irreverent, thought-provoking analysis of the industry-- with an
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Are Some Scrapbookers "Crazy"?
Reactions from retailers, vendors, and others
in the business.
Compiled by Mike Hartnett (November 19, 2007)
(Note: These are reactions to the CLN commentary
published in the 11/7/07 issue. To read the commentary click on CLN
Archives in the right-hand column.)
We All Need a Community.
I think you are on target with the comments; we all need to
belong to some type of "community," group, or
organization. As humans, it seems we all have a need or desire to be
part of something bigger than our own self; some people find that at
scrapbook stores, others find that connection at church. – Mark
Lee, DreamSolutions Marketing Corp.
Cooperate – AND Compete.
In reply to your article, "Are Some Scrapbookers
'Crazy'?": No, they are more competitive than rubber stampers
though. All of the old salts in stamping know each other, and as far
as I am concerned, support each other. Tim Holtz is better known
than Dee; I think that is terrific. Tim has earned it. Stampa
Barbara , our chief competitor with our six stores over the years
past had fabulous stores. I, for sure, was a fan. Gary Dorothy,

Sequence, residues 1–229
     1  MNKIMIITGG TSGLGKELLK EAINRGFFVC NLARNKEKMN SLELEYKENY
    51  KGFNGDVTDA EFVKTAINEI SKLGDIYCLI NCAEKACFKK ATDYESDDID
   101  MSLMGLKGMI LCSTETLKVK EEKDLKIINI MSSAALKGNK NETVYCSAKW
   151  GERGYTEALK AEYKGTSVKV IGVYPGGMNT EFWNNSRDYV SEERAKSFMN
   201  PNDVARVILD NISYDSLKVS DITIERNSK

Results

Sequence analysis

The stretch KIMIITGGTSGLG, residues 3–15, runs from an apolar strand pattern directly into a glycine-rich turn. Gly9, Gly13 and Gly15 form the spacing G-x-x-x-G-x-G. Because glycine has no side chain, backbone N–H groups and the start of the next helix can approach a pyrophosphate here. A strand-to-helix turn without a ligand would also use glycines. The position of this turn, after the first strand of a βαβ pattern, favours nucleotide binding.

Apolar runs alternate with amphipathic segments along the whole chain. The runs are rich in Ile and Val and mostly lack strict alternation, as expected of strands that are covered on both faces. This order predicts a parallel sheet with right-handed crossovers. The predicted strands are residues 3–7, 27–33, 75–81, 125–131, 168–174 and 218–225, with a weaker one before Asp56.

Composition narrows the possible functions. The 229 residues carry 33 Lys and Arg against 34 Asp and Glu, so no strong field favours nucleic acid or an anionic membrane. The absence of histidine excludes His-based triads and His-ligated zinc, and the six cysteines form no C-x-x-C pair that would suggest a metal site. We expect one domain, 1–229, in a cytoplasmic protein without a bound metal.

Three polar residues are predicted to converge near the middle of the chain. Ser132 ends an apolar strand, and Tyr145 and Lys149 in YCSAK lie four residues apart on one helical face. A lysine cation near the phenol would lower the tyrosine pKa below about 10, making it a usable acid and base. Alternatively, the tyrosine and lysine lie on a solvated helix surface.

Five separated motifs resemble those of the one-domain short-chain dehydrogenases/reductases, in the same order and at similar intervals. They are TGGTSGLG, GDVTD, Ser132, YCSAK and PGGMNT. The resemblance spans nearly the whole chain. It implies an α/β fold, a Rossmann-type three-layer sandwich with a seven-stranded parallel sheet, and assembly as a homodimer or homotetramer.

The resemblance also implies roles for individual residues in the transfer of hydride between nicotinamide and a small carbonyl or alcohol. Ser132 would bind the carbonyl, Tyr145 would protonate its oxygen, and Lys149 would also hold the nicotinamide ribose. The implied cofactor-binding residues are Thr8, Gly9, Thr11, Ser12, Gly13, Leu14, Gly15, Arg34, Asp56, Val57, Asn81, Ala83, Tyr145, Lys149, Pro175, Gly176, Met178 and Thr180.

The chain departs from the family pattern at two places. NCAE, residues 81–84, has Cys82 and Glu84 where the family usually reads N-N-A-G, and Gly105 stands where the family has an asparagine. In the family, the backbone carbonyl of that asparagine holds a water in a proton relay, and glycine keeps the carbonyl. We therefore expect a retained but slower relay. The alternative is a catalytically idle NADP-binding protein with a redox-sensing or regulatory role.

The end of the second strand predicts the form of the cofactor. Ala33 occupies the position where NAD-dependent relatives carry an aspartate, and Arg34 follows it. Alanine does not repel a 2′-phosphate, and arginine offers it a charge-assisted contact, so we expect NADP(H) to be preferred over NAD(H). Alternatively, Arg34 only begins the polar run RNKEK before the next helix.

owner of Stampa Barbara, now living in Palm Springs sent me
congratulations when an email went in error in his direction. Owners
of stamp companies go to dinner together. Rob Bostick is a
competitor and we recommended him for the CHA Board. I could go on
So what does this do? If we say decent things about each other
the word gets around that stamping is a decent thing to do. We did
this with our first store, sending people to other stores and they
did the same for us. We all won. It seems to work. It is certainly
Stamping, kind of an odd craft, has lasted for about 36 years,
possibly because of some cooperation between us. I am not sure
scrapbooking, around for about 15, will last another 20. I hope it
does. – Warren Gruenig, Posh Impressions
I wanted to let you know that I have had students tell me in the
past that they do not feel validated as a scrapbooker if they do not
make the HOF. This was a few years ago but it looks like things have
not changed. – Julianna Hudgins
SAHMS Looking for Drama.
I read some of your article on the scrapbooking insanity that has
begun to takeover this hobby and just wanted to add my opinion.
I am not anyone of importance in this industry, just a
scrapbooker who has been published some and is on a fairly prolific
scrapbooking website's "design team." I used to be VERY
passionate about this hobby, but the craziness that has been taking
over has reduced my love for it somewhat.
But my opinion (and that's all it is, my opinion) is this: a very
large percentage of scrapbookers are stay at home moms (SAHMs). I
believe that they do not find their everyday lives interesting (or
fulfilling, or however you want to term it), so they find drama
elsewhere. They have nothing better to do than to email a rafting
company about if someone took a picture. They have nothing better to
do than to rip others to shreds when they have no clue about what's
going on behind the scenes – after all, when you tear someone down
it lifts you up. I could go on and say more, but I'm quite sure you
don't have time for all that.
So that's my quick two cents worth. I don't think you'd use any
of this anyway, but I am not comfortable signing my real name